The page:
MakerFaire Wellington and why we need more MakerFaire’s

Sunday 4 November 2018 was officially the first MakerFaire in Wellington. Since I have a subscription with the Make Magazine for a few years now,  I have always been keen to visit one of the bigger MakerFaire’s (NY or SanFran). The MakerFaire, I believe, is where you get to network best with the inventor. You meet interesting people; people who design amazing stuff in their garages while having a full time desk job as well as professionals who do this  for a living. The News coverage covers some aspects of the maker event. As the event gets bigger, we will hopefully have a wider range of makers. 

As part of Outreach, we decided to run a Robot fighting event called Robowars:Code to fight. Unfortunately due to the sheer volume of people expected, we couldn’t teach coding as part of the activity but decided to go for simple controls for the robots which will interest everyone coming. We had Vex IQ robots with a flipper functionality (made by Parvesh), Lego NXT2.0 kits controlled by a Scratch plugin (made for an assessment task by Sanjay), Custom made Arduino robots at University (Courtesty Jason and Arthur) with XBee shields so the robots could be controlled over ‘WASD’ keys, a few ESP32 robots made by the amazing Jack Penman from Paraparaumu College and a free play lego ‘design and build your own battle’ bot area.

We had over 600 visitors to our session and a lot of curious children/parents who wanted to know more about how to code them and starting something similar at their local schools. It was good to share that knowledge with a wider group.

As this event gives opportunities for a very good interaction between Makers and community, I can see the potential for school students to get into ‘making’ which is not usually a part of their regular assessments at school. Students will also learn from makers other than their teachers who are technically proficient in an area of expertise. This could also be a way to build the ‘maker spirit’ in young adults who might be disengaged in education.

Book review of Invent to learn – Making, Tinkering and Engineering in the classroom by Sylvia Libow Martinez and Gary Stager

Seven years ago, I was teaching Microsoft Word, Excel and Powerpoint to my Year 11 Digital Technology students. It was an important skill (I believed) which could be used across all subjects. While recently clearing my old resources, I took a moment to ponder on how far we have come with learning and teaching Technology and what will it be like in the future! This book, Invent to Learn by Sylvia Libow Martinez and Gary Stager just gives you the perfect insight into teaching Technology for the future.

I came across this book last year while looking up good reading on making and tinkering in the classroom. While the sub title is self-explanatory, the book also provides software and hardware solutions for teaching technology in the classroom. Quite often, teachers are afraid to take on the challenges that come with upgrading technology, especially new equipment and software. This adds to the already existing stress of marking and reports. The book provides easy alternatives for planting the seed of the ‘maker spirit’ in the kids while reinforcing the concept.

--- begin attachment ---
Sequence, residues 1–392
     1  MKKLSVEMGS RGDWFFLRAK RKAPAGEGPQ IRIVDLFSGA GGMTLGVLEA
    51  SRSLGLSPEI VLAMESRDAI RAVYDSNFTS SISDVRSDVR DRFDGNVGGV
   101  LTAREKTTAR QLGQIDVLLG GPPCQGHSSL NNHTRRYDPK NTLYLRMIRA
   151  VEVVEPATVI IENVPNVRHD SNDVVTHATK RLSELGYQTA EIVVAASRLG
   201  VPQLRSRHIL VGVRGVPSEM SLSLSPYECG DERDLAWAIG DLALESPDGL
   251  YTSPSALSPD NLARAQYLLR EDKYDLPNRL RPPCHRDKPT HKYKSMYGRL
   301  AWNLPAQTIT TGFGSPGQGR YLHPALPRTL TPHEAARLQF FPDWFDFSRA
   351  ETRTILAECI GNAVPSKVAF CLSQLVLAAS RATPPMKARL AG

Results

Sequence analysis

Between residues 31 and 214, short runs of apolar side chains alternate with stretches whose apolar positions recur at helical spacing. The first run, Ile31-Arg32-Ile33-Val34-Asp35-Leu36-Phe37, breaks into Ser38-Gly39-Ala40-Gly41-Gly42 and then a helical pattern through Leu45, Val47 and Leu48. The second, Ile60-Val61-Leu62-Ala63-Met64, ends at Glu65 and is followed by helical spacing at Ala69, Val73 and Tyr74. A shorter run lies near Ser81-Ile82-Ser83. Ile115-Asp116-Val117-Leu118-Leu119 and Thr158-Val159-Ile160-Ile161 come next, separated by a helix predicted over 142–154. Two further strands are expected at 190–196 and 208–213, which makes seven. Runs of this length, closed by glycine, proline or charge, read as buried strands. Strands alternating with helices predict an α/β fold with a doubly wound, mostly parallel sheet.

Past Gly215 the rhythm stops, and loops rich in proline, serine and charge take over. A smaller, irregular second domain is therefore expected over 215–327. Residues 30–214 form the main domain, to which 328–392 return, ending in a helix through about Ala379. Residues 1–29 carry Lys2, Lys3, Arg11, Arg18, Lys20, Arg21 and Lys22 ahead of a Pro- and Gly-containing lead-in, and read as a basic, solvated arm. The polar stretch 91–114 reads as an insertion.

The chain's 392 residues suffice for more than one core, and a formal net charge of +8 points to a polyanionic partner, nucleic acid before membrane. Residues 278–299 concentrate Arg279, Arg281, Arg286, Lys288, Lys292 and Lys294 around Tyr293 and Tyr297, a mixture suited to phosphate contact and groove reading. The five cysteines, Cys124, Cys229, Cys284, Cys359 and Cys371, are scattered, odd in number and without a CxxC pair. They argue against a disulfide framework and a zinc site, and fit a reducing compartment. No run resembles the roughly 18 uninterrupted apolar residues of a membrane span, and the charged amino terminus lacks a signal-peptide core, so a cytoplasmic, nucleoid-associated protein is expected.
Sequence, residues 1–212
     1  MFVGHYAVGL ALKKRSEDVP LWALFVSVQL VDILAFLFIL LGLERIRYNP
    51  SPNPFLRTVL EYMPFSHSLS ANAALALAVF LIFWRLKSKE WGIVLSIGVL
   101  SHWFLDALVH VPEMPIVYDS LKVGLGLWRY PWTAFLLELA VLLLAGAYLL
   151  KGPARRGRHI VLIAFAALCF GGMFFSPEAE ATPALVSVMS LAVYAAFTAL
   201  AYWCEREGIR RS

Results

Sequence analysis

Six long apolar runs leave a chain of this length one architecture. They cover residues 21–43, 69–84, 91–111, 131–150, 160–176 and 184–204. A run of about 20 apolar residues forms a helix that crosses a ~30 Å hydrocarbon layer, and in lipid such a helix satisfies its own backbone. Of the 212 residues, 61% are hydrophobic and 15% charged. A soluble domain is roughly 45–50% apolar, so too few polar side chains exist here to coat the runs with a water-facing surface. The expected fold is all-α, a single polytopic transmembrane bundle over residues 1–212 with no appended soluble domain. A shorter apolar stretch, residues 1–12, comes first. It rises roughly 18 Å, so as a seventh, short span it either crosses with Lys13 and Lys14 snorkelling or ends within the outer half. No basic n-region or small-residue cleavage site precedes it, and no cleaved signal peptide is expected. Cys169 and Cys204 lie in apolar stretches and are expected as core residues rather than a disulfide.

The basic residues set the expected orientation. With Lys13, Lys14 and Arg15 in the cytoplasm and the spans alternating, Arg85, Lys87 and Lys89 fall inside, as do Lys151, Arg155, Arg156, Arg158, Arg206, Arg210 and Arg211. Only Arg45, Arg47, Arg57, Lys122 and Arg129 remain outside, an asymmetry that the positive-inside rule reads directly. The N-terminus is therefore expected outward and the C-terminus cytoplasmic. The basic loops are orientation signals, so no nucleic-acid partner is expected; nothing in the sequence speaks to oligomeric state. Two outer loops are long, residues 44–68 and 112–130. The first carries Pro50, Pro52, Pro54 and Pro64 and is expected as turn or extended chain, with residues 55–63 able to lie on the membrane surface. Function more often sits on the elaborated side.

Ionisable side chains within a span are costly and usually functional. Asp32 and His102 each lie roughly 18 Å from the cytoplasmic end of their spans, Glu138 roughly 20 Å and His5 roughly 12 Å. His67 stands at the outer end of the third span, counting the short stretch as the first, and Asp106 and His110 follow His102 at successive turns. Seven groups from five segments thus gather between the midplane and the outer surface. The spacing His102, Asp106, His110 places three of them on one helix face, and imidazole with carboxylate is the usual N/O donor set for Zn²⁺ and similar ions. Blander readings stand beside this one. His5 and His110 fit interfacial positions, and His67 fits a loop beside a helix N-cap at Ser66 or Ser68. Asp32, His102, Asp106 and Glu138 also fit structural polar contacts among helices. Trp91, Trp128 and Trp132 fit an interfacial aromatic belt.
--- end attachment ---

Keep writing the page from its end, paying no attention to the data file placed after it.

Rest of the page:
While ‘making’ is not really a new concept, introducing it in schools has predominantly been difficult. The authors provide a healthy background on learning theories covering Piaget, Dewey and the lot which I recall reading about, in my teaching degree course. Most of the conclusions led to the importance of learning by doing! Seymour Papert, who has had a special influence on this book, asked why were computers being used in schools in unimaginative ways. The words, “Making lets you take control of your life, be more active, and be responsible for your own learning” (quoted from page 29), made a significant dent in my thought process towards teaching technology and I have bookmarked it as an inspirational quote!

The authors further go on to elaborate the difference between Making, Tinkering and Engineering. As teachers, we are familiar with using the computer as a tutor(computer displaying instruction and conducts assessment), tool (computer allowing students to perform tasks) and a tutee (as we learn by programming the computer) (Quoted from page 34). With STEM becoming a key focus in schools ( even in New Zealand), Technology is not just using computers to find and report information but utilizing given tools to imagine, create and publish content. Computational thinking is a hot topic in NZ education with the curriculum undergoing drastic upgrades by implementing a ‘Digital Technologies curriculum’ from Year 1 – Year 10 starting Jan 2018. The best way to get prepared is through a design thinking mindset which the authors have covered in chapter 3 and provide a range of design thinking models for teachers to use. In the next chapter, they discuss elements of a good project. Ever wondered what makes a good prompt? Make sure you don’t miss this chapter!